There are advantages too, of course, I'm not denying them. Experience and interaction are the pump that primes the artist's engine, and he has to get it somehow, but frankly I'd rather get my experience outside "the industry." I've often thought that if I ever hit it big (or medium) I'd take some time off to by a farmhand in Montana or some other weird place I'd never think to go just as a way to add novel input to my brain and avoid becoming someone like James L. Brooks, a once great writer/director who has not spent any time outside of the world of rich Californians in the last 20 years and so finds himself unable to write about anything else. Andy Kaufman really worked as a busboy, one of the many things to admire about him. What better way to stay in touch with the common human experience than to spend some of your time as a run of the mill human?
Today at work was all about Cannes, and of course it was discouraging. There are so many wannabes out there desperate for a shot at the small time, let alone big, and so much of whether you get that shot is based on how good you are at manipulating, lying, and how lucky you get. It's all so...arbitrary. I'm potentially supposed to make a short with the Israeli and I'm thinking of entitling it "Nobody Can Make a Film!" The idea is better than the title, though I don't know if we have time for a project as ambitious as the one I've sketched out.
I've been reading David Mamet's book "On Directing Film" and he's an interesting writer. Frustrating at times, like when he tells the room of film school students "Film school is useless" and some of the stuff he says is just total crap, but one thing I get out of his work and that jibes well with what I believe is that in order to pursue a life like this you need to have a vision and a need. You can't do it because you want fame or sex or adulation. I mean people get those through film, but it's not the only way and it's a crap shoot, a crap shoot with an empty prize. You need to want to do it because you live in a unique internal world and you are desperate to share it with others. You need to want it because the time you are most alive and happy is when someone else GETS something you've done and is able to appreciate it. That's true for me. I don't connect with people socially in the way that most others do. I have no use for useless praise-swapping or normal smalltalk. I don't even have a social smile. Yesterday some woman, around my age, who works on the same floor as I do came up to me while I was getting a glass of water and said "Good day, huh?" I looked at her like she was a space alien. I was off in another world and she brought me back to this one. I resented her for it. That's not normal.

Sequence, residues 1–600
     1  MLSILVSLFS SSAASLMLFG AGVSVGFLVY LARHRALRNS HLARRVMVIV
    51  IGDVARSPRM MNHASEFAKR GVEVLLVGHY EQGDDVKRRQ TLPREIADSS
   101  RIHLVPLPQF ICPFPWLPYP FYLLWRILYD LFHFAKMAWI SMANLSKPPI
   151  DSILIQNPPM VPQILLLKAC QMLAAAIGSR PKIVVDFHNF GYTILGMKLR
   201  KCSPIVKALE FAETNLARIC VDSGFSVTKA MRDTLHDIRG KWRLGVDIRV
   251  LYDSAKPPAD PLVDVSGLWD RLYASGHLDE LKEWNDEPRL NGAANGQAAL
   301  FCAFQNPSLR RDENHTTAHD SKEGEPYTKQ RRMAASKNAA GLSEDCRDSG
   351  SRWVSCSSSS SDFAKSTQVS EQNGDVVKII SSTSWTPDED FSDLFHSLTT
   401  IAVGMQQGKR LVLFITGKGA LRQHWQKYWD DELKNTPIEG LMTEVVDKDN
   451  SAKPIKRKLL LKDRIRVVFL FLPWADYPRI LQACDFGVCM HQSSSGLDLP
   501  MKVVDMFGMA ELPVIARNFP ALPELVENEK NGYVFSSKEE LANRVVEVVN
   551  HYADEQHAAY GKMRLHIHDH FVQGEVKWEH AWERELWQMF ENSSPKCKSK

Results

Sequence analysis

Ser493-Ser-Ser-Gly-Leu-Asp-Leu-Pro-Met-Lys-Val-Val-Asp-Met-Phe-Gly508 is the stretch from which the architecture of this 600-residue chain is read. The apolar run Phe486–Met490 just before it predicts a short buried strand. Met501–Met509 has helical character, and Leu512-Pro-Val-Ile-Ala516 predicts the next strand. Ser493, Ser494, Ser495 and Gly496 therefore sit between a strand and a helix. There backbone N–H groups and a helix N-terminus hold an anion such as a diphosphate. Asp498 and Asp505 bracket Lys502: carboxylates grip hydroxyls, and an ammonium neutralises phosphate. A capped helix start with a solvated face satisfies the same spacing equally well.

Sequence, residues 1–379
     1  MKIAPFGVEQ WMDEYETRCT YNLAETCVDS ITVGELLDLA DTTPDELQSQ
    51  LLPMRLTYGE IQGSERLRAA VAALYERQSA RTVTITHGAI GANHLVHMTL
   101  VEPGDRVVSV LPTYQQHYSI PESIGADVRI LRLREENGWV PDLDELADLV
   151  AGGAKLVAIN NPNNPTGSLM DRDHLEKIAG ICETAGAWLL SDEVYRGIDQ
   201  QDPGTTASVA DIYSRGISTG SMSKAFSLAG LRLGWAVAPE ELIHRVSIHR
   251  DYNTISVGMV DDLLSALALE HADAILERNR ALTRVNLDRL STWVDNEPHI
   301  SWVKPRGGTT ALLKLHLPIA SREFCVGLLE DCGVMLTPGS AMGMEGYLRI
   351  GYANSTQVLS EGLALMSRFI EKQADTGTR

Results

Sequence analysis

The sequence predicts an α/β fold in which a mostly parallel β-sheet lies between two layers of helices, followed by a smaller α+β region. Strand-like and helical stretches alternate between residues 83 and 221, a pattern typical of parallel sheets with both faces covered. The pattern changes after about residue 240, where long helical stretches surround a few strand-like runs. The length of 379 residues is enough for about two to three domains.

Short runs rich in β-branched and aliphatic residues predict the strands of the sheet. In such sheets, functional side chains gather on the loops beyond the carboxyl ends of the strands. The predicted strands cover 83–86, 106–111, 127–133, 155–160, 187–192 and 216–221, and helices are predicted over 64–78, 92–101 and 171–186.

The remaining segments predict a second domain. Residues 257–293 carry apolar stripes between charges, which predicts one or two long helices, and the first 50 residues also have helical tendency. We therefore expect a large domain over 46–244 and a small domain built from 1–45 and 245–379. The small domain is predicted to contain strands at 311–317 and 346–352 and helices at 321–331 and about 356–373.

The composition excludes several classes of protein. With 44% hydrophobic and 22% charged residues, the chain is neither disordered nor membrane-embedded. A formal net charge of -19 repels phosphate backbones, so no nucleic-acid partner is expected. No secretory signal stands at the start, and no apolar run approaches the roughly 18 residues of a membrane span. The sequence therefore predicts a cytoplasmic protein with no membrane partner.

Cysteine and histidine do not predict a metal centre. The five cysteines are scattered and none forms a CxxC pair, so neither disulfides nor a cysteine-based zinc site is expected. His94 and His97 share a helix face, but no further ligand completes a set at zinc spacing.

The real question for someone like me is whether that's possible, and how is it possible. How do you get from someone who is desperate to be heard and believes he is worth hearing to someone who is heard and is considered worth hearing? It's a question without one answer, and it's not as important as it seems. The fact is that I cannot conceive of another kind of life. It's worse than nothing for me. I may have to work waiting tables or splitting fences or doing some other manual labor, that's fine, but if at night I can't come home and write something or shoot something or SAY something...then...well I just can't imagine it. It burns deep and hard and always has. That's the bottom line.
Today's the 11th anniversary of my father's suicide. For awhile I've been fasting on this day and using it as a day of contemplation and sadness. Not today. It's not that it doesn't matter to me, but it's no longer a central piece of my life. I am focused firmly on the future. The past is what it is and I'll always carry it with me, but the future's where my bread is buttered and I know that now. It's going to be a long hard slog, this life, but I feel better these days than I have in over ten years, and that's gotta count for something. Something big.